Flu fears prompt 20 countries to ban meat imports
May 4, 2009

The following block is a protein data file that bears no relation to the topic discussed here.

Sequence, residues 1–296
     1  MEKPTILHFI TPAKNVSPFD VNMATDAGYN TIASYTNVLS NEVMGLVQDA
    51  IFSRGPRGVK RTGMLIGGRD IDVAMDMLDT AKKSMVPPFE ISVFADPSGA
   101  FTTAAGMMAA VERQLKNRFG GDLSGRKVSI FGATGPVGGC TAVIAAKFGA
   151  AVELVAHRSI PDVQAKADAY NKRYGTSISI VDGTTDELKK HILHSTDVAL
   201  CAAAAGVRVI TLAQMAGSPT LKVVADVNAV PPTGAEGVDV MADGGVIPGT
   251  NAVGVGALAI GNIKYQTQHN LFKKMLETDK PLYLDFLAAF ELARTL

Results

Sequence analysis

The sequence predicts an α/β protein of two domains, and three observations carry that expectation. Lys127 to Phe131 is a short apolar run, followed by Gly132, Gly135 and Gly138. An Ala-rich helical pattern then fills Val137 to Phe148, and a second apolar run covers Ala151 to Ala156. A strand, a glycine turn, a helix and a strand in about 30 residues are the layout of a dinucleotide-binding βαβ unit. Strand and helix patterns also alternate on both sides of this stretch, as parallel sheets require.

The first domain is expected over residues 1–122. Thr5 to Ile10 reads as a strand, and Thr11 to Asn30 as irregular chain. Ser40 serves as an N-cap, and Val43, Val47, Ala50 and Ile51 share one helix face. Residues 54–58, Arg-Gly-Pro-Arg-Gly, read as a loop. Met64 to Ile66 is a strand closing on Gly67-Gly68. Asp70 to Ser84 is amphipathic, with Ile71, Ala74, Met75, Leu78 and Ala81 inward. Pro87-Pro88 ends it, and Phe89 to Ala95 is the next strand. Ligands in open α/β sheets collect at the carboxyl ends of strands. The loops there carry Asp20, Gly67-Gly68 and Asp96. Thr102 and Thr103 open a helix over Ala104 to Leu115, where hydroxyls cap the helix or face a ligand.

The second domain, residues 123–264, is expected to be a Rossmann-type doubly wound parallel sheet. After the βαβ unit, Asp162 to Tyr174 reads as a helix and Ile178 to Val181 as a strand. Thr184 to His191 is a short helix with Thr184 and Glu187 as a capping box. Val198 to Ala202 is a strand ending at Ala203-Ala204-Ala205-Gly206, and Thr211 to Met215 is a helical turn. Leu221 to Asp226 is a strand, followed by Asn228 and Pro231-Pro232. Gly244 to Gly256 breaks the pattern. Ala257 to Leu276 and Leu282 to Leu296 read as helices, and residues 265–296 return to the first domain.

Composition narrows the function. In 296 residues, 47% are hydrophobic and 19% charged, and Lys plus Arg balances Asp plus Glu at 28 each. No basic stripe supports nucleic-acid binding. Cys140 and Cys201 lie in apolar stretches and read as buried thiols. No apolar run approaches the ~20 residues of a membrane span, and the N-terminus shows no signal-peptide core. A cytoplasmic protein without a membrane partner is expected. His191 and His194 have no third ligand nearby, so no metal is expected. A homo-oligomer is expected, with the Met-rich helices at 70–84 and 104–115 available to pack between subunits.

Reuters reports that twenty countries worldwide have banned imports of pork and other meat in response to a flu virus that has infected both people and swine, according to documents from the World Health Organization. While the new H1N1 strain is not food-borne, fears that it may spread through animal products have prompted restrictions on live pigs, pork, cattle, poultry, livestock, feed and animal semen from countries with reported infections. The countries that have imposed bans include Russia, China, Switzerland, Croatia, Indonesia, Thailand and Ecuador. Most affect products from Mexico and the United States and some block imports from Canada, New Zealand, Spain, France, Israel, Costa Rica, El Salvador, Colombia, Cuba, Nicaragua, Panama, Honduras, Guatemala and the Dominican Republic. Global trade in pork meat is worth about $26 billion a year. The three countries most affected by the bans announced to date -- Mexico, the United States and Canada -- are among the world''s top pork exporters, along with the European Union, Brazil, Chile, China and Hong Kong. Just days after the WHO announced it would change the virus name to "A-H1N1" to clarify it was spreading among humans and not pigs, a Canadian farm worker returning from Mexico was reported to have infected a herd of swine with it. Before the Canadian pig infection was announced, the WTO and three United Nations agencies including the WHO said that there was "no justification" for the imposition of trade restrictions on account of the H1N1 flu. But, a top food safety expert said that while pork meat posed no risks, extra precautions should be taken when handling live pigs to avoid spreading and catching the virus that the WHO says is on the brink of causing a pandemic. Under international trade rules, countries are allowed to stop imports of goods that are seen to pose health risks or fall short of sanitary standards.